But the first thing we, and other programs like ours, need to do is to document our results and show people that these alternative programs can and do actually work.  We also need to be honest with ourselves about who we can help and who we can’t, and then we need give it our all to try to help those we can.  And for those we feel we will be less likely to help, we need to look seriously into creating programs that will realistically and practically help them.

But the bottom line is that we need to keep building on our successes.  This is the recipe for future hope.

[Article of Interest] Some Observations of Soteria-Alaska

By Daniel Mackler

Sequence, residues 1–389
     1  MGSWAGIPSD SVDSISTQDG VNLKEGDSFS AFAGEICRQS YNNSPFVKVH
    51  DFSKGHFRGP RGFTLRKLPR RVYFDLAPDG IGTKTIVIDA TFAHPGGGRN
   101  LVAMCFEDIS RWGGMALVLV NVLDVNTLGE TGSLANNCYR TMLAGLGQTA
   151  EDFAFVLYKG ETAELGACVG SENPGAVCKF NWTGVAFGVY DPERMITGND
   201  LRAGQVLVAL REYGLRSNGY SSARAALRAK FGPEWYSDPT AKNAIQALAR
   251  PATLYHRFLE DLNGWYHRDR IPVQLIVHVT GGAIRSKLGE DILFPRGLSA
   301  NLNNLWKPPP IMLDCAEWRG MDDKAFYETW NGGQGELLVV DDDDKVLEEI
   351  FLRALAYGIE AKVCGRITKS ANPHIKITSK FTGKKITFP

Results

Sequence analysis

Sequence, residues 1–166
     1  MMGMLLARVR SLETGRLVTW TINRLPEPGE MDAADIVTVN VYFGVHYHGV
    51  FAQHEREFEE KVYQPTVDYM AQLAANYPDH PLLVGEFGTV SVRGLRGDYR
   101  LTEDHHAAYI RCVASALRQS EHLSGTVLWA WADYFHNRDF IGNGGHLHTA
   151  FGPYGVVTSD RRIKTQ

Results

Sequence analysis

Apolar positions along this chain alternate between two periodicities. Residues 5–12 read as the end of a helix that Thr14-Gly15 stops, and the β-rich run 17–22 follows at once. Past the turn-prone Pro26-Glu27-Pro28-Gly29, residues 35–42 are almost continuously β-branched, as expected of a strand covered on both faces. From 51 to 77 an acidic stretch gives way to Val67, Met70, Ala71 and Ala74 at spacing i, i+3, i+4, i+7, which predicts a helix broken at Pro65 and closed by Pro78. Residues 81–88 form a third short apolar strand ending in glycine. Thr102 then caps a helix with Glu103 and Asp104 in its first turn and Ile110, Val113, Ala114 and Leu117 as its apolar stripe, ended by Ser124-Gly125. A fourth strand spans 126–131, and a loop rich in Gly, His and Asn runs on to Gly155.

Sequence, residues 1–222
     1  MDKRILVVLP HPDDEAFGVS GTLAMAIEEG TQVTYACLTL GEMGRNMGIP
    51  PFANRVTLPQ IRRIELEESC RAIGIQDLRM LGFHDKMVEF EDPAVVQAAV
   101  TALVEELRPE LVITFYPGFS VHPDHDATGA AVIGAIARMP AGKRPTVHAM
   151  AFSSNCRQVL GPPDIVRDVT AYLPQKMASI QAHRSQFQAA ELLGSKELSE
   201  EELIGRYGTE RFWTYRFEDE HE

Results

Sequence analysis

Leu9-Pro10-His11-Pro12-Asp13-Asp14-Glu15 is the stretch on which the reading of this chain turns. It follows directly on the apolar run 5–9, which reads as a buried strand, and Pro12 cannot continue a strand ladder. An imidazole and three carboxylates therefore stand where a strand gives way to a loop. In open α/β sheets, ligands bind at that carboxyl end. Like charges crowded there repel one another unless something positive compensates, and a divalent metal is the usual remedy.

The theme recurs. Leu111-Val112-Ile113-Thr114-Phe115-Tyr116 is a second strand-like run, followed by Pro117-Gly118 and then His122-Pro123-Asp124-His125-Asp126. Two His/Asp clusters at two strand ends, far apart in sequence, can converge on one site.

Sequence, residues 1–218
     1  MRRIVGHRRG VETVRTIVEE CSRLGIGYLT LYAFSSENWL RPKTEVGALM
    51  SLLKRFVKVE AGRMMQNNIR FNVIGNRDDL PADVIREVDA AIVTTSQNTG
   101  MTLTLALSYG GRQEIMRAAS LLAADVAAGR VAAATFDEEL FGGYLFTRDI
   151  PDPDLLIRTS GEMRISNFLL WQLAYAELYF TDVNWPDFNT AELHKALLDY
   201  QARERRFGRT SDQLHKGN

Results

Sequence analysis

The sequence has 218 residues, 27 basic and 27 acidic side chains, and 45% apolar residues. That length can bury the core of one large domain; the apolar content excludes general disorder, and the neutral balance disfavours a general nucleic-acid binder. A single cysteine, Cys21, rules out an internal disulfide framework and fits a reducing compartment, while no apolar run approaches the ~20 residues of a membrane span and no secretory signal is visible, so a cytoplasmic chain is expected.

I write this piece from Anchorage, Alaska, where I am presently filling in as the executive director of Soteria-Alaska while their founding executive director, Susan Musante, is on sabbatical.  Soteria-Alaska, a program designed to follow Loren Mosher’s California Soteria model from the 1970s and early 1980s, has been up and running for the past three years.  Soteria-Alaska is a house, staffed around-the-clock with gentle, open-minded nonprofessionals, with five beds for people experiencing psychosis.  The basic idea is that people can live in the house for about six months or so, give or take, in order to work through or pass through their psychosis with little or preferably no psychiatric medication.  Soteria-Alaska is a largely state- and grant-funded program open primarily to Alaska residents, for whom, if they are low-income, it is free.